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Ontario touts passage of 18 bills as contentious legislative session ends

Thursday, July 23, 2020 @ 12:28 PM | By John Schofield


As it ended the current legislative session, the Ontario government celebrated the passage of 18 bills, including controversial legislation critics say could give the government sweeping emergency powers, undermine access to justice and hurt those hit hardest by the pandemic.

In a July 22 government news release, Premier Doug Ford applauded the cross-party co-operation that helped his majority government bring the legislation to life since the start of the session in February. MPPs are slated to start the next session on Sept. 14.

“In our hour of greatest need, MPPs stood shoulder to shoulder as Team Ontario to protect the public during the COVID-19 outbreak,” said Ford. “The people of this province expected us to work together and we reached across party lines to quickly introduce and pass critical legislation.”

The NDP Official Opposition offered a different version of events: “Ford claimed there were bipartisan efforts,” it posted on Twitter. “The government ended multi-party House meetings months ago and passed sweeping legislation this week without any opportunity for public comment — a move that was opposed by every Opposition MPP.”

In a separate statement, NDP House Leader Gilles Bisson noted that on the last day of the legislature alone, the government passed three pieces of legislation: Bill 184, the Protecting Tenants and Strengthening Community Housing Act, 2020; Bill 197, the COVID-19 Economic Recovery Act, 2020; and Bill 195, the Reopening Ontario (A Flexible Response to COVID-19) Act.

“Today the government passed three bills that give Ford more power and help his well-connected insiders at the expense of everyday people,” Bisson said in the July 21 statement. “With Bill 195, Ford hands himself unprecedented and undemocratic powers to make rules in secret behind closed doors.”

Bill 195 — which could extend the government’s emergency powers for up to two years — was also opposed by Progressive Conservative MPP Belinda Karahalios of Cambridge, who called it an “unnecessary overreach on our parliamentary democracy.” The government, which characterized the bill as essential for the “continued safe and gradual reopening of the province,” ejected her from the PC caucus later that same day.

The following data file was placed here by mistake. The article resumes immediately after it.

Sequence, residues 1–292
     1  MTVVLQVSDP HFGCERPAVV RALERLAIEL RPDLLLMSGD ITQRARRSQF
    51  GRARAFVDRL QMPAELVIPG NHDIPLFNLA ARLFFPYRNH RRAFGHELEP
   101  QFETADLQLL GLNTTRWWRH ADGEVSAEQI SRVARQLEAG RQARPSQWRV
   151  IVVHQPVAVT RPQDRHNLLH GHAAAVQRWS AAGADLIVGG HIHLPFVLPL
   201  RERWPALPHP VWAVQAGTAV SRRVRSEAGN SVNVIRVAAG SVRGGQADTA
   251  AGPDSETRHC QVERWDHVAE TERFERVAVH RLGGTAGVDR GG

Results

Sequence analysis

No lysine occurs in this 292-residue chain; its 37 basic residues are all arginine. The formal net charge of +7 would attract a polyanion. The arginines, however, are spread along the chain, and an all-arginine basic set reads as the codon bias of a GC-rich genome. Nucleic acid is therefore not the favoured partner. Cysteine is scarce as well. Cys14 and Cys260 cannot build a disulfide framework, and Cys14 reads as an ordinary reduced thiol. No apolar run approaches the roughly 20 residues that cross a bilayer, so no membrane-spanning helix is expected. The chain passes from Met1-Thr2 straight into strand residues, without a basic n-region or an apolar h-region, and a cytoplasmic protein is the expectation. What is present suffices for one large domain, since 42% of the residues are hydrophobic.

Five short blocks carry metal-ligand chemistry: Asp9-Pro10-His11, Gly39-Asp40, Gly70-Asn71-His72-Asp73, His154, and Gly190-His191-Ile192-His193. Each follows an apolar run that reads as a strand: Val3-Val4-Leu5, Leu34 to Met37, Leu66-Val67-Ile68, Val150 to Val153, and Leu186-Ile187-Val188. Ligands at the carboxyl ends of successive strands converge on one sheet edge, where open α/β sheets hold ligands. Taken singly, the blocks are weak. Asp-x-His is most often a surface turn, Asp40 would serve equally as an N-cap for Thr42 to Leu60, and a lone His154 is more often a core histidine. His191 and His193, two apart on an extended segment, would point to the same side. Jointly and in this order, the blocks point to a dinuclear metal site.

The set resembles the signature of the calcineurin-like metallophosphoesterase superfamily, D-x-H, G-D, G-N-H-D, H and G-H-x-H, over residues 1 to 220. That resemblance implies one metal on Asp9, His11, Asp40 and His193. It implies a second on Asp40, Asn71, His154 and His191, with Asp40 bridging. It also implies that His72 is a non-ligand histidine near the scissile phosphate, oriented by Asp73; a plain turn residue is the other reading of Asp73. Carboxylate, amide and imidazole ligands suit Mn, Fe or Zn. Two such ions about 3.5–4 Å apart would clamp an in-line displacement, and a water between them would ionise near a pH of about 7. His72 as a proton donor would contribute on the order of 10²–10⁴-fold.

“By transferring away the ability for Ontario MPPs to consider, debate and vote on how emergency powers are used on Ontarians,” Karahalios said in a news release, “Bill 195 essentially silences every single Ontario MPP on the most important issue facing our legislature today.”

The Ontario Nurses’ Association (ONA) mourned the passage of both Bill 195 and Bill 197, which amended dozens of pieces of legislation, including the Occupational Health and Safety Act.

Bill 195 “provides extensive powers to override collective agreements and take away the rights of our nurses and health-care professionals who have been working so hard to provide care during the pandemic,” ONA president Vicki McKenna said in a July 22 news release.

“Bill 197,” she added, “does not appear to have much to do with COVID-19 economic recovery. Instead, it allows health and safety measures and environmental protections to be watered down.”

The government’s long list of passed legislation also included Bill 161, the Smarter and Stronger Justice Act, 2020, which it said will make it “easier, faster and more affordable for people to access the justice system.”

Bill 161 was opposed by the union local that represents Ontario’s staff legal aid lawyers. “There is broad consensus within the legal profession and across the political spectrum that Ontario has an access to justice crisis,” Dana Fisher, vice-president of the Society of United Professionals Legal Aid Ontario Lawyers Local said in a June statement. “In spite of this, Bill 161 seeks to literally remove the words “access to justice” from the purpose of the Legal Aid Services Act.”

The Smarter and Stronger Justice Act, 2020 is also expected to have an impact on class actions by, among other things, applying a more rigorous certification test.

Critics said Bill 184, the Protecting Tenants and Strengthening Community Housing Act, 2020, could make tenants more vulnerable to eviction by opening the way for landlords to obtain eviction orders without going through Landlord and Tenant Board hearings.

Other legislation passed during the session included the Building Transit Faster Act, 2020, which focuses on transit projects in Toronto and opens the way for public-private partnerships; the Connecting People to Home and Community Care Act, 2020; and the Rebuilding Consumer Confidence Act, 2020, which is focused on the new home construction industry.

A complete list of legislation passed is available in this government backgrounder.

If you have any information, story ideas or news tips for The Lawyer’s Daily please contact John Schofield at john.schofield@lexisnexis.ca or call (905) 415-5891.